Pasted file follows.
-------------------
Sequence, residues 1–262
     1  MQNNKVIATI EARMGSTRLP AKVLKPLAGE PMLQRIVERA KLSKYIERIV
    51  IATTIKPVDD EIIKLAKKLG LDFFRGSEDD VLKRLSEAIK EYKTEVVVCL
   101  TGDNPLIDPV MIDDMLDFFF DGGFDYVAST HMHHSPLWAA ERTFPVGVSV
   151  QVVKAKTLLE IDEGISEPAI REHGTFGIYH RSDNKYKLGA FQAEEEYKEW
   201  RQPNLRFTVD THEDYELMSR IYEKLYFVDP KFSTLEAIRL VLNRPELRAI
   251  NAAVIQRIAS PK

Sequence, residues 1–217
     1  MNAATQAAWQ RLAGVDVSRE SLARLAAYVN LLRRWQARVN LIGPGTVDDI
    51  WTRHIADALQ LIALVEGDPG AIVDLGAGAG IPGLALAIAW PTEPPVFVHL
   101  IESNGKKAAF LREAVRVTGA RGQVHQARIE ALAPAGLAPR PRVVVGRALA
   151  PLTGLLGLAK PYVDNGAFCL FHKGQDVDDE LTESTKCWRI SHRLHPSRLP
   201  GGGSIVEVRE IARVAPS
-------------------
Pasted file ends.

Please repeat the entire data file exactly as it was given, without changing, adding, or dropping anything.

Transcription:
Sequence, residues 1–262
     1  MQNNKVIATI EARMGSTRLP AKVLKPLAGE PMLQRIVERA KLSKYIERIV
    51  IATTIKPVDD EIIKLAKKLG LDFFRGSEDD VLKRLSEAIK EYKTEVVVCL
   101  TGDNPLIDPV MIDDMLDFFF DGGFDYVAST HMHHSPLWAA ERTFPVGVSV
   151  QVVKAKTLLE IDEGISEPAI REHGTFGIYH RSDNKYKLGA FQAEEEYKEW
   201  RQPNLRFTVD THEDYELMSR IYEKLYFVDP KFSTLEAIRL VLNRPELRAI
   251  NAAVIQRIAS PK

Sequence, residues 1–217
     1  MNAATQAAWQ RLAGVDVSRE SLARLAAYVN LLRRWQARVN LIGPGTVDDI
    51  WTRHIADALQ LIALVEGDPG AIVDLGAGAG IPGLALAIAW PTEPPVFVHL
   101  IESNGKKAAF LREAVRVTGA RGQVHQARIE ALAPAGLAPR PRVVVGRALA
   151  PLTGLLGLAK PYVDNGAFCL FHKGQDVDDE LTESTKCWRI SHRLHPSRLP
   201  GGGSIVEVRE IARVAPS